New Delhi: The Supreme Court Tuesday dismissed the Narendra Modi government’s curative petition, seeking a direction to the American chemical company Union Carbide Corporation (UCC) to pay additional compensation to the victims of the 1984 Bhopal gas tragedy.
A Constitution bench led by Justice S.K. Kaul declined the government’s plea to reopen the case, observing that imposing a greater liability on UCC was unwarranted.
“We are unsatisfied with the Union of India for not furnishing any rationale for raking up this issue after two decades,” said the bench, reading out the operative part of the verdict.
The court put the onus on the Union of India “to make good the deficiency in the compensation”. The failure to take insurance policies is gross negligence on the part of Union, the court said, adding a settlement can only be set aside on the ground of fraud, which is not alleged in the present case.
“The method to impose greater liability on UCC is not warranted. We are disappointed in the union for not having addressed this. Nearly 6 times compensation has been disbursed to the victims compared to the pro rata. Centre to use ₹50 crores lying with RBI to address the needs of the claimants in the Bhopal gas tragedy case. If it is reopened, then it will only work in favour of UCC by opening a pandora’s box and will be to the detriment of the claimants,” the Court said.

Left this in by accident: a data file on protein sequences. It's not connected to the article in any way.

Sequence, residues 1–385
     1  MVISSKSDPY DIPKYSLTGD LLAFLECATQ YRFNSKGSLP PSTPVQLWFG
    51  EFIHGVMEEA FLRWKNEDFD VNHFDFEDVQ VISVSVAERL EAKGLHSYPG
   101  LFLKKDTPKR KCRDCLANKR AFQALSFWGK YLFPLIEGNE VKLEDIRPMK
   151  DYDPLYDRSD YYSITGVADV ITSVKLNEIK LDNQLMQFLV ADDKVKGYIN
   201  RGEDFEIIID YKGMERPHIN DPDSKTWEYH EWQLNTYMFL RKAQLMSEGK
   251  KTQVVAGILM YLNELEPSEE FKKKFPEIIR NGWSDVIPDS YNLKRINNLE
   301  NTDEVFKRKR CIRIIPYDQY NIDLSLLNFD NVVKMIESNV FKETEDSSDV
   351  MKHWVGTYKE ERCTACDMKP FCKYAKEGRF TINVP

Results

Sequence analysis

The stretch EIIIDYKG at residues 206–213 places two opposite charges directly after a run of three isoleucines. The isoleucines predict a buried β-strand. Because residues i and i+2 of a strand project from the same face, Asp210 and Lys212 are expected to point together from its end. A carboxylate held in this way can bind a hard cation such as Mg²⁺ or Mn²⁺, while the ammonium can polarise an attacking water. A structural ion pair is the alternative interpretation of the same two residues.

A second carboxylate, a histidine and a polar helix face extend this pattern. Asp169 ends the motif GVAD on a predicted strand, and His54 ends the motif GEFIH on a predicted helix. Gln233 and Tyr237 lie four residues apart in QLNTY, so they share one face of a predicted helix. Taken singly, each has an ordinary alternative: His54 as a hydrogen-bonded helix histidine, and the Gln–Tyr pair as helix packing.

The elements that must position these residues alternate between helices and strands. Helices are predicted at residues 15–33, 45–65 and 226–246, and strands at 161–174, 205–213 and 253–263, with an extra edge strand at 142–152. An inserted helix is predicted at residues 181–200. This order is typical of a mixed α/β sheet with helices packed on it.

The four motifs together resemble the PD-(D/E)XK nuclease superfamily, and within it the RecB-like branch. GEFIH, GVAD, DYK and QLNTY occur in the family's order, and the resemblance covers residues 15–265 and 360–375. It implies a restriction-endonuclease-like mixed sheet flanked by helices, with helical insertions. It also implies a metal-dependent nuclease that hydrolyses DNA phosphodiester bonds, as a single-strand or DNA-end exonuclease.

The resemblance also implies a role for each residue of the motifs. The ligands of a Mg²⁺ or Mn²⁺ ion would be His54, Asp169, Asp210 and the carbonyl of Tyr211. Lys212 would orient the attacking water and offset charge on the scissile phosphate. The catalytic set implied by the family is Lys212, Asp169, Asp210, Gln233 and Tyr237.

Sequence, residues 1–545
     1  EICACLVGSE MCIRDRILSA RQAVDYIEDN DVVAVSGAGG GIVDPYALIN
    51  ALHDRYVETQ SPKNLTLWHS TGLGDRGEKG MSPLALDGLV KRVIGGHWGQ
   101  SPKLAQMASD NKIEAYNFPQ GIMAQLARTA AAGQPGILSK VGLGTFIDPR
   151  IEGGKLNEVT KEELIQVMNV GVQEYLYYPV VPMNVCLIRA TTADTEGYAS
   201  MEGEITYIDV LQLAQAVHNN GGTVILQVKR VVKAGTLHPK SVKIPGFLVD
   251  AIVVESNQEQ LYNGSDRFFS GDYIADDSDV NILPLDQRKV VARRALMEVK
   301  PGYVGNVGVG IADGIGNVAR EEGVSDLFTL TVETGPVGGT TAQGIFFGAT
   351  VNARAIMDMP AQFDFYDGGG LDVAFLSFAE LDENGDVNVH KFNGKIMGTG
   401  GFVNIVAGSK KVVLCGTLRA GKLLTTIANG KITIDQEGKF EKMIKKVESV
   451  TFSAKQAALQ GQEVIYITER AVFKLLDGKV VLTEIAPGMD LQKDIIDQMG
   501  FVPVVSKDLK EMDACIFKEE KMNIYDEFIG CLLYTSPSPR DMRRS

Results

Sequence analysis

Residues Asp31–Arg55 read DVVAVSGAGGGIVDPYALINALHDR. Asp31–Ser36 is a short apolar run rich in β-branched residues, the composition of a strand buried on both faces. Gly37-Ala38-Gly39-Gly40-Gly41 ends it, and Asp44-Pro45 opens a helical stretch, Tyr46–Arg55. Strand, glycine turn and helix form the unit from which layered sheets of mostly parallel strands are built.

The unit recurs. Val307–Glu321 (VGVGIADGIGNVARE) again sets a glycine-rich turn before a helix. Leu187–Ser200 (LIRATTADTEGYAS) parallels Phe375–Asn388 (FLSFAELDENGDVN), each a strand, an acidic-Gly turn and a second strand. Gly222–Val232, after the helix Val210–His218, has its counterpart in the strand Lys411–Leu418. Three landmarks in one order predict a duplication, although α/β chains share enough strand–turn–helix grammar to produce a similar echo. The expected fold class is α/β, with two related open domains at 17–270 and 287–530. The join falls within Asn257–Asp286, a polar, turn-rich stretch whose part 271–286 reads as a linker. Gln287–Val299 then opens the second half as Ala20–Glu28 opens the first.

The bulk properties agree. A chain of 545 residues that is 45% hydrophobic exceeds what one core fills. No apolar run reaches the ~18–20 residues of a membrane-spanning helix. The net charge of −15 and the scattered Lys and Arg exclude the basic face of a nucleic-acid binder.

While noting that the Commission — especially set-up to decide compensation for the victims- had already settled all the claims, the bench ordered the Centre to utilise the Rs 50 crore lying with the central bank, RBI to satisfy the pending claims.
UCC’s allegations that both Centre and the state did not detoxify the environment and also had a role in negligence weighed with the court as it refused to entertain the curative plea.
The bench had on 12 January reserved its verdict on the Centre’s petition aligning pleas filed by victims of the tragedy demanding an enhancement of the compensation
The government in 2010 filed the curative petition arguing the earlier settlement – in 1989 — was based upon incorrect assumptions on the number of deaths, injuries and losses, and had not taken into account the subsequent environmental degradation.
The Centre wanted the case reopened and demanded an additional recompense of $1.1 billion to victims from Union Carbide’s successor Dow Chemicals.
In 1989, Union Carbide had agreed to pay $470m to settle the initial fight for compensation. The government, which argued on behalf of the survivors, had asked for $3.3bn.
However, in 2010, the government decided to review the compensation after an outcry over Union Carbide’s executives receiving just two-year sentences and minor fines.
The Bhopal gas leak, considered the world’s worst industrial disaster killed 3,500 people within days, according to government estimates, while 15,000 more died over the years.
Activists put the death toll as high as 25,000 and say the repercussions are felt even till today.
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